Sunday, August 12, 2012

Tool #11

1.  What are your favorite tools...?  I am excited to use the different iPad apps that I have been playing with all summer long.  Each time I revisit an app, I think of another idea to incorporate it into a work station to enhance student learning.  I  know my class will utilize the tools that allow them to make books, like bookr and TikaTok, bringing technology to writer's workshop. I also look forward to professional exchanges and growth while networking with other teachers on edmodo.
2.  How have you transformed your thinking about the learning that will take place in your classroom?  I have always valued the use of technology in the classroom, but unfortunately, I haven't always had working technology in my classroom.  It's frustrating when you tried to "seemlessly" incorporate technology, and then it takes valuable time to get the technology to work!  However, with the new technology that kindergarten is receiving this year, I have high hopes for the learning that will take place.  The tools that have been introduced through 11 tools that are appropriate for kindergartners will certainly provide wonderful learning experiences for my students, and provide opportunities for me to better communicate to my parents the needs of my classroom and the wonderful learning that is taking place there. 
I do plan to spend more time setting expectations for using the devices so they are used as learning tools not toys, and modeling how to appropriately use the tools.
3.  Were there any unexpected outcomes from this program that surprised you?  The biggest surprise for me was how easy I found most of this to be once I let go of my apprehension!  There is so much technology available to support and enhance my students' learning and they are eager to dive in, so motivation and focus will not likely be an issue!  I look forward to more discovery and learning on my part as well!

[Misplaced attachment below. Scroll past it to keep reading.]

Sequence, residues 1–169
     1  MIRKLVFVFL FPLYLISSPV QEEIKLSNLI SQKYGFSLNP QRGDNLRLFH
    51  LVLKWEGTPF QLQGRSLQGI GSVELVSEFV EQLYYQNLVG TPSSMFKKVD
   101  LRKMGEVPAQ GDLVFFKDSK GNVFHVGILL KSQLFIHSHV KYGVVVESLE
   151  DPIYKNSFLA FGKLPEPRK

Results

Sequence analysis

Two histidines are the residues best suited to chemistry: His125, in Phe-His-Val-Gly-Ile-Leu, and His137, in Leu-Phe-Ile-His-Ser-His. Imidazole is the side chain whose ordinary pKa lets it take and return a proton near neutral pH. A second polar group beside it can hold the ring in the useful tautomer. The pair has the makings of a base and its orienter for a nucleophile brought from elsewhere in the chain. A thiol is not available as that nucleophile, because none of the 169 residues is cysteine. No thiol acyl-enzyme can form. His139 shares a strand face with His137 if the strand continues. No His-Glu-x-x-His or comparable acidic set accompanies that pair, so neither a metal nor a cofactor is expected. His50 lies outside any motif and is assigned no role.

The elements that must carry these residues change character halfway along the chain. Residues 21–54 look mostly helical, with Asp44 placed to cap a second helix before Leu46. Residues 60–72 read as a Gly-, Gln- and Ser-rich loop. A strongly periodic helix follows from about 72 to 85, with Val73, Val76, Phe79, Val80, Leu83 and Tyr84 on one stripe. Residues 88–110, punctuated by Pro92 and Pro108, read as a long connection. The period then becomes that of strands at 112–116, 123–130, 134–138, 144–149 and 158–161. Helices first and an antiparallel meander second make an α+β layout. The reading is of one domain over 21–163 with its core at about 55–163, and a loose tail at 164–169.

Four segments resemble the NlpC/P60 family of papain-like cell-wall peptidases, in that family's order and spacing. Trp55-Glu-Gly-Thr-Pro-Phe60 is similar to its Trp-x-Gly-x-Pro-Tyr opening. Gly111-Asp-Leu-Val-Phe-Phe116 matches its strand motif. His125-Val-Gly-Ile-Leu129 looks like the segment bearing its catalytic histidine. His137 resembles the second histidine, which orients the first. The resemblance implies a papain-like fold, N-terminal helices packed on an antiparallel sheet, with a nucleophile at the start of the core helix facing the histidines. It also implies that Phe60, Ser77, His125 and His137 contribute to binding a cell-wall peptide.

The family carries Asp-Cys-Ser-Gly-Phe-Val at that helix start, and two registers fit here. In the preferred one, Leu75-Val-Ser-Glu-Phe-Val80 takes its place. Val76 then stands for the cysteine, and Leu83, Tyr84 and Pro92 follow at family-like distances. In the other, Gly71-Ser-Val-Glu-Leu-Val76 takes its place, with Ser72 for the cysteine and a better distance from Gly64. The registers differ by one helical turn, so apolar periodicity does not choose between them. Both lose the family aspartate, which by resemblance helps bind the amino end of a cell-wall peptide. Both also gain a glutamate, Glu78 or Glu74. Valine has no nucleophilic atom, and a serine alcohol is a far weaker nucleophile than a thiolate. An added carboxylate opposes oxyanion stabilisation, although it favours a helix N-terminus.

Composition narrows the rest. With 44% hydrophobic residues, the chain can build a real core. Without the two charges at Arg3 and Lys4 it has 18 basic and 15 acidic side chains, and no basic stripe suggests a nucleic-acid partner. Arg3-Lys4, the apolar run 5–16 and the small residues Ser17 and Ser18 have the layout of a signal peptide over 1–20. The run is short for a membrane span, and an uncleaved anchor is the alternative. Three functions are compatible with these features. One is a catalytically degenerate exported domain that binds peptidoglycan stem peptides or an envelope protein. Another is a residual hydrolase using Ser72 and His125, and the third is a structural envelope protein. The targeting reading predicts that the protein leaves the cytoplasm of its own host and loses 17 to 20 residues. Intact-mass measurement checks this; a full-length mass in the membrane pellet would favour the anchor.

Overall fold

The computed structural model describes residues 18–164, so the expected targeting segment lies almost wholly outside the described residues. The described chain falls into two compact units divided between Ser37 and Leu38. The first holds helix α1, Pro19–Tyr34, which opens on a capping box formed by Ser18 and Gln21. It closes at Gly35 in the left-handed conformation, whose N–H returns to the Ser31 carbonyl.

Tool #10

1.  Discuss at least three things you would want to make sure your students understand about being good digital citizens.  The very first thing I will discuss with my students is the importance of being safe in the digital world, which means keeping their personal information private.  Kindergartners need to know not to give out their full names, addresses, or any family information.  I will explain that there are lots of great sites to visit on the internet, but they need to follow some rules to be safe and visit only sites that have been determined as safe.  We will also discuss copyright rules and the fact that everything on the internet cannot always be considered truth.  Also, internet ettiquette will be discussed so that what is said while chatting or posting is appropriate.
2.  Share at least one of the resources mentioned above or on the Ed Tech website that you plan to use instructionally.  I will use the unit entitled Going Places Safely (K-1), from commonsense media.  This unit offers a complete lesson plan and video on follow rules to remain safe online.  Also, Brainpop Jr. has a video that teaches the same lesson.  It's important for the children to hear the message often, and discuss what it means in the classroom as well as at home.  These resources offer such opportunities.
3.  Explain briefly how you would "teach" the idea of digital citizenship to your students.  I will use the resources mentioned above and have discussions that are age appropriate about the information found on the internet, including copyright issues. We will also briefly discuss the rules put forth by SBISD in the student handbook and encourage the parents to do the same.
4. Explain briefly how you plan to share the ideas of digital citizenship with your parents.  Kindergarten Orientation will be a perfect opportunity to discuss digital citizenship with the parents of my students.  Often, because our students are so young, parents feel like such topics don't apply to kindergartners. Having this discussion at this time will hopefully heighten parental awareness.  Because not all parents will be present at orientation, I will also make the websites available to the parents via newsletter or blog.